Screws come in a variety of lengths, diameters and threading sizes. Choosing the right size screw for the job will ensure proper fastening and prevent material tearing or splitting.
The metric system measures screw diameter, length and threading size in millimeters. Imperial system measurements are listed with the gauge first and then the length, such as “10 x 2.” Screws often have multiple thread counts available within a certain diameter size.
There are three main screw measurements: gauge, length, and threads per inch (TPI). Understanding these measurements will help you choose the right screws for your project.
If you’re using a wood screw, for example, it’s important to choose the correct length. If the screw is too short, it won’t reach into the material. If it’s too long, it may protrude beyond the material and cause damage.
To determine the length of a screw, measure from the top of the head to the tip of the thread. This measurement is not always listed on the package, but if it is, you’ll need to use either a ruler or a tape measure. Screws that are metric system-only will usually list their diameter first, then their length in millimeters. If you’re unsure about the measurements, consult an engineering drawing of the screw to find out exactly how they’re measured. This way, you’ll be sure to get the correct length every time.
The diameter of a screw is the width of the threaded portion. The diameter is measured along the pitch line (an imaginary line that intersects each flank of the thread). Screws may be described with either imperial or metric measurements, but if they are imperial, their diameter will always be stated first. Metric screws are described with their diameter in millimeters, followed by the number of threads per inch and shaft length in inches.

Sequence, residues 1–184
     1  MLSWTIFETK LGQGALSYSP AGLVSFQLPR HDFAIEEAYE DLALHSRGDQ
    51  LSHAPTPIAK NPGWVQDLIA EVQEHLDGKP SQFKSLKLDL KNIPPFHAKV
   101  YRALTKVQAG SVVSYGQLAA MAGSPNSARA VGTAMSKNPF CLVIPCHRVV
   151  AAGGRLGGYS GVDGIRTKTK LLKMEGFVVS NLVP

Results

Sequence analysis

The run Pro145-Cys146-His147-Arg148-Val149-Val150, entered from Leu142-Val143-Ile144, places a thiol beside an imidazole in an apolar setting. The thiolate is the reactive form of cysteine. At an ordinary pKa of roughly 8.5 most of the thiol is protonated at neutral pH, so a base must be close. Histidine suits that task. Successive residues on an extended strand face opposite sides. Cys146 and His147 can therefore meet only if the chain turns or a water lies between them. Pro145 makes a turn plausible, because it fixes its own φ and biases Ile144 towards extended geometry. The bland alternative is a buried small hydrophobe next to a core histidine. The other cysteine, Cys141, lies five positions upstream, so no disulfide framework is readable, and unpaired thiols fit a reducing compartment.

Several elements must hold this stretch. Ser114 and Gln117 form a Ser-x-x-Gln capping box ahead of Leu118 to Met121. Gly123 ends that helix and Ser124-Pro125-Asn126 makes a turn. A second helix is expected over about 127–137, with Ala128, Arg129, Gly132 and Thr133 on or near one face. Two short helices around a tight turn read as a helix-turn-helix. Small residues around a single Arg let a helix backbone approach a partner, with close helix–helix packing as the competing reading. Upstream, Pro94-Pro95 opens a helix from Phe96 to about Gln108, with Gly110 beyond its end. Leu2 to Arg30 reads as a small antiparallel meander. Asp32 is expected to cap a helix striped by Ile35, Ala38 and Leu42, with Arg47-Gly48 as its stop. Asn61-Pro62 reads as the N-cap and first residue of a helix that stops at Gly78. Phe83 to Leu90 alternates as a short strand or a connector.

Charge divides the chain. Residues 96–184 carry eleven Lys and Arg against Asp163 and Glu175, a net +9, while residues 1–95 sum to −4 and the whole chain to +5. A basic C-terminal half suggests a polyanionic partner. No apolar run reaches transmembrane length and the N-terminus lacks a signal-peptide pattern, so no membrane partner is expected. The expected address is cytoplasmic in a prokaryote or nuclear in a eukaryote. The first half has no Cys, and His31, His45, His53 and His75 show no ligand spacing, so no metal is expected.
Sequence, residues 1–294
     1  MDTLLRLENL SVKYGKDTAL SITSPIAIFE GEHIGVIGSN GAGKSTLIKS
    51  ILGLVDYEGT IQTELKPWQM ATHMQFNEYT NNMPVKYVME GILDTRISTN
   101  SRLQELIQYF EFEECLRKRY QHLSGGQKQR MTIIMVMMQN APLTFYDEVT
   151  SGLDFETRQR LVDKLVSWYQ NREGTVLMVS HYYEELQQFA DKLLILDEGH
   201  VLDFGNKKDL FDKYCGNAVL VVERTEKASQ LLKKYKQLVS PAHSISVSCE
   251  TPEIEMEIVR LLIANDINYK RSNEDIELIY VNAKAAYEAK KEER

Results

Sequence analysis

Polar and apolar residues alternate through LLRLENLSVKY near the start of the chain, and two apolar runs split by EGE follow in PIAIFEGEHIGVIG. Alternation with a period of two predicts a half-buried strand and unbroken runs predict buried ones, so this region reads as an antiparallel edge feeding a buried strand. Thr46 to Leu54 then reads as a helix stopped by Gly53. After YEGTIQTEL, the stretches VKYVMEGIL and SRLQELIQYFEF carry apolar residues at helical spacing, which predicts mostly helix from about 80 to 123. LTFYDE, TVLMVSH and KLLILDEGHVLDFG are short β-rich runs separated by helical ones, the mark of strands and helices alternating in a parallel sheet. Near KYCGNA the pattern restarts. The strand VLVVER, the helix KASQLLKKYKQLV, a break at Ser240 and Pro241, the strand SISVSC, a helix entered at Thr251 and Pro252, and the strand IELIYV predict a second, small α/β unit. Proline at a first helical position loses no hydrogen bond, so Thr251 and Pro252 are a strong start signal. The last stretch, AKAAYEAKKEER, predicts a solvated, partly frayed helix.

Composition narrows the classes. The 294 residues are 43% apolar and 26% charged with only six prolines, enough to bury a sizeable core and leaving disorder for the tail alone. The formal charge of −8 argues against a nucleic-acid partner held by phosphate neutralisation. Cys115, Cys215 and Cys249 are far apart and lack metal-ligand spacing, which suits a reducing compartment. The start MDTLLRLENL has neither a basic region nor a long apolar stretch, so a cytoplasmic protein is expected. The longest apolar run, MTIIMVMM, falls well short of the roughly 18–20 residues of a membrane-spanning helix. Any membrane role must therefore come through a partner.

The diameter of a screw is important because it determines how well the screw will fit into your material and how much load it will support. The correct screw size is crucial to avoid tears in your material and for safe application of the screw. The proper screw size will also ensure that the screw is able to penetrate the bone to achieve a strong hold. A good rule of thumb is that the head diameter should be at least as large as the material’s width.
Threads per inch
Screw sizes are identified by two measurements: the major diameter, or thread size; and the pitch. Pitch is the distance from one thread crest to another, while major diameter is the height of the thread.
The major diameter of a screw is usually measured with go/no-go gauges or directly on the thread. The depth of a thread is equal to the major diameter divided by 2. The pitch of a screw is the space between thread peaks, and can be measured using a pitch gauge or by counting the number of thread peaks in an inch.
Inch-based systems typically measure both diameter and pitch, while metric systems use one or the other. However, pitch and TPI are inversely proportional. For example, a screw with a high TPI has a low pitch, and vice versa. This distinction is analogous to the difference between coarse and fine grit on a grinding wheel or sandpaper.
When it comes to determining screw size, there are three important measurements: gauge, diameter and threads per inch (TPI). The wrong screw can split wood or weaken metal, so understanding how these measurements relate is vital.
Measuring the diameter of a screw can be tricky, but a screw gauge makes it much easier. A screw gauge works by rotating the sleeve, converting small distances into larger ones that are easier to comprehend.
To use a screw gauge, begin by noting the whole number on the sleeve. Then, find the marking that corresponds with the thimble scale marking – this is usually located closest to it and beneath the measurement line. Once you’ve found this, add the three numbers together. You can also use a screw gauge to measure the pitch and least count of a screw. This information is particularly important if you’re working with self-drilling screws, as they can penetrate materials without the need for a predrilled hole.1/4 to mm